In addition, the team has remained connected to the previously established Sumba Foundation, which works to combat poverty and malaria on the island through education, clean water, food and humanitarian aid.
Burch covers all of the foundation’s administrative costs to ensure every dollar donated goes back toward community services.
In terms of environmental efforts, the hotel produces freshwater through a desalination plant, runs a waste management program across the island and protects delicate turtle eggs from poachers.
“I come back about twice a year with my family. We have a history with the island now,” says Burch. “We are trying to protect the island on every level.”
Your own private ‘beach palace’
Inside a room on Pulau Joyo.
“I’ve always been a sailor and I’ve always loved the sea,” he tells CNN Travel.
“On one of my sailing trips around Southeast Asia, I came across these pretty little islands. I took note of them, they were so lovely.”
Formerly the owner of Fenwick Shipping Services, a major ship management company based in Hong Kong, the multi-millionaire soon returned with a friend to explore.
“In those days, [we] used to hire a fishing boat and go out to the islands and camp. We would make a fire, bring our tents, a bottle of rum and just hang out.”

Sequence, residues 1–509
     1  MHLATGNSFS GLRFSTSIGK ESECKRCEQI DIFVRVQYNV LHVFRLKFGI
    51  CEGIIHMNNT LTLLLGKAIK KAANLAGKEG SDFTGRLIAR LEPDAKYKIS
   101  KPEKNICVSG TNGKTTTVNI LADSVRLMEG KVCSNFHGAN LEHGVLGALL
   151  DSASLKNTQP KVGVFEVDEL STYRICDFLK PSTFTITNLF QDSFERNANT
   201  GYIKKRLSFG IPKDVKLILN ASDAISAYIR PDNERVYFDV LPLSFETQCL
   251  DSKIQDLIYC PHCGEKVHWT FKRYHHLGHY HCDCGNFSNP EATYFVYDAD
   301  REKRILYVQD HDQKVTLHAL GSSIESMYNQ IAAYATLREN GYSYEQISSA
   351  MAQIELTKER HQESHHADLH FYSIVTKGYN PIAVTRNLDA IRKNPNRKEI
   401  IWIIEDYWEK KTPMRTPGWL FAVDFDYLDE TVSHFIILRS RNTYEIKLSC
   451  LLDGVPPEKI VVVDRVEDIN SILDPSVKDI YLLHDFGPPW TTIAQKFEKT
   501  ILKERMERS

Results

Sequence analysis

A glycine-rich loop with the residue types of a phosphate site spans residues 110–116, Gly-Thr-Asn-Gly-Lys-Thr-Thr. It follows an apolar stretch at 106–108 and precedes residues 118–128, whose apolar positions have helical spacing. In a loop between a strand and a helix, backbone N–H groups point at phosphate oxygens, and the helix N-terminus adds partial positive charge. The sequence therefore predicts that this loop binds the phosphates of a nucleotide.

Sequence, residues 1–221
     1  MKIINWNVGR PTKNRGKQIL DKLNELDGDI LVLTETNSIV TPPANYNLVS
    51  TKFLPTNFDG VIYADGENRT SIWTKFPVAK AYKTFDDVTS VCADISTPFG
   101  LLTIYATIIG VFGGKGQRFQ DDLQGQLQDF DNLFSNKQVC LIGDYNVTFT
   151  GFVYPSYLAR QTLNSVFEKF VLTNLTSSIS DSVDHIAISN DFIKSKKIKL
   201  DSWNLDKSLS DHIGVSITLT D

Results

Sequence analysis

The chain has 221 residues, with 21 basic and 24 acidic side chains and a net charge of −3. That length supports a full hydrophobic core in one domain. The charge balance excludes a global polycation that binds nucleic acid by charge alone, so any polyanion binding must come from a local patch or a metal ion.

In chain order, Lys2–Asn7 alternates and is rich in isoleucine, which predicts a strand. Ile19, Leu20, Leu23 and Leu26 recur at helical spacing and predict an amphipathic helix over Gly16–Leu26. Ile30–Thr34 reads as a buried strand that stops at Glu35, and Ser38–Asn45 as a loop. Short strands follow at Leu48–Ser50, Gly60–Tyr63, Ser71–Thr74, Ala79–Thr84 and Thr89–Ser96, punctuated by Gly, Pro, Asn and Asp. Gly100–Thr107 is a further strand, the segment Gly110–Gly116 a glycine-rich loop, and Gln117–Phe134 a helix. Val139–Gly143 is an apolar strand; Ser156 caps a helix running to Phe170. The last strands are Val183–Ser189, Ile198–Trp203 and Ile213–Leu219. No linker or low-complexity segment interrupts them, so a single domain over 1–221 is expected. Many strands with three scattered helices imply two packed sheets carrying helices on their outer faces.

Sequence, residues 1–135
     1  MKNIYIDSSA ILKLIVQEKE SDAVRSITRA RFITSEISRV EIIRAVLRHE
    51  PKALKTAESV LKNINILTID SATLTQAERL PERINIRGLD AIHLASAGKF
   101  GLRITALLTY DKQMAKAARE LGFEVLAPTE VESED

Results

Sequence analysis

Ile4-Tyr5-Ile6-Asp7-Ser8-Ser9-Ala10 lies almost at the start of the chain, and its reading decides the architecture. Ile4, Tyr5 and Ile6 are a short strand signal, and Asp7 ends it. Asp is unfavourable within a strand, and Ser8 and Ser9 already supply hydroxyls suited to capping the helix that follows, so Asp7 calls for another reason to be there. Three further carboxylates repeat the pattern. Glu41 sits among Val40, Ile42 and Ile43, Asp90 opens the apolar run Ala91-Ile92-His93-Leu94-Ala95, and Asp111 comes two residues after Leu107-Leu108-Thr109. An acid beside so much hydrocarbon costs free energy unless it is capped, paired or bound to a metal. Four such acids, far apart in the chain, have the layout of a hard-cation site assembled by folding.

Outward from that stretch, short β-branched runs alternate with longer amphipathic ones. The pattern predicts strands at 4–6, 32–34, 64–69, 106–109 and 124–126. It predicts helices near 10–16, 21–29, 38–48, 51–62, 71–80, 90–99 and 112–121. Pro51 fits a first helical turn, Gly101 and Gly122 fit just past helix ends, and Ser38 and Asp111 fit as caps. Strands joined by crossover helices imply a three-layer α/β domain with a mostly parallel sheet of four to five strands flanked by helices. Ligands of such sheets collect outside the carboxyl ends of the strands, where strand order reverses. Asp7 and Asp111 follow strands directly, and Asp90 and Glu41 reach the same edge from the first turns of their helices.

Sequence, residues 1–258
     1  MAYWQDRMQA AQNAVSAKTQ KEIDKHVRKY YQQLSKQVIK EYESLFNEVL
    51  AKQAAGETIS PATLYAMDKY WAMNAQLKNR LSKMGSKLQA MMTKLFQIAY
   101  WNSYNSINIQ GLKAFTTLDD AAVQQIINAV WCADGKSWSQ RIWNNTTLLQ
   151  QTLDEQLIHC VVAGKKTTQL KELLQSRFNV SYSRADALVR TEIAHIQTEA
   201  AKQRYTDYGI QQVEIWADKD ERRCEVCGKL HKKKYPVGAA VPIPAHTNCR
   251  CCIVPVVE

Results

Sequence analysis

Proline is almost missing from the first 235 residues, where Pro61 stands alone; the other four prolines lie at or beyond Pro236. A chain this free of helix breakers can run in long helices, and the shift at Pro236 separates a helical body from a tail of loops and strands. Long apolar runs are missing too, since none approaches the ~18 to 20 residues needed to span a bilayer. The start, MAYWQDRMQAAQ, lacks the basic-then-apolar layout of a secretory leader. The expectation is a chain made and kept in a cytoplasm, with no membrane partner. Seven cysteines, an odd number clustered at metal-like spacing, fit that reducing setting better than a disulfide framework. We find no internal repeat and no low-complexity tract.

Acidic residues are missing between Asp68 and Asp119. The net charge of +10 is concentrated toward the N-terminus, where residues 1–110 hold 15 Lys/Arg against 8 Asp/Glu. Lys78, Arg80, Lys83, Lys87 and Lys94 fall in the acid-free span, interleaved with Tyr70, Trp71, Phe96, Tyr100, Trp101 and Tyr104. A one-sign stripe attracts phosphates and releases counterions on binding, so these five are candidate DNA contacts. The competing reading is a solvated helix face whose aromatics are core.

Back then, he says, developers were buying land on the bigger islands, such as Bintan, and the men worried there would be a building boom.
“The islands cost virtually nothing!” he recalls.
“We were scared that there was going to be a big rush for these islands and they’d be [overdeveloped]. But there was no rush. We are still the only people here.”
In his spree, Marden bought nine islands and a “great big beach” but has developed just two.
He started with Pulau Pangkil. Designed with Singapore expat families, weddings and corporate retreats in mind, this private island getaway opened more than 15 years ago, in 2003.
Groups can rent out the entire island, which includes five ‘beach palaces’, a restaurant, bar, pool and lots of watersports equipment.
Antony Marden, Pulau Pangkil and Pulau Joyo founder
“I’ve always wanted to build a driftwood palace and, at that stage, there was a huge amount of driftwood lying around. So we started collecting driftwood — big teak logs and hauling them off the reef,” recalls Marden.
“You get a dozen people and heave ho, heave ho, make a raft, then wait for the tide, then gradually pull the wood slowly, slowly, slowly across the island.”
About a decade later, Marden decided to develop Pulau Joyo. The more luxurious of the two, Joyo is more like a traditional boutique property with individual villas, a sweep of golden sand, excellent food, a spa, pool and countless outdoor activities.
“It’s very seductive to have your own island,” laughs Marden. “But it really is bloody difficult to try to run one commercially — there’s the water, diesel, electricity, you’ve got to get food in and out. It’s pretty complicated. Only mad people would start an island resort!”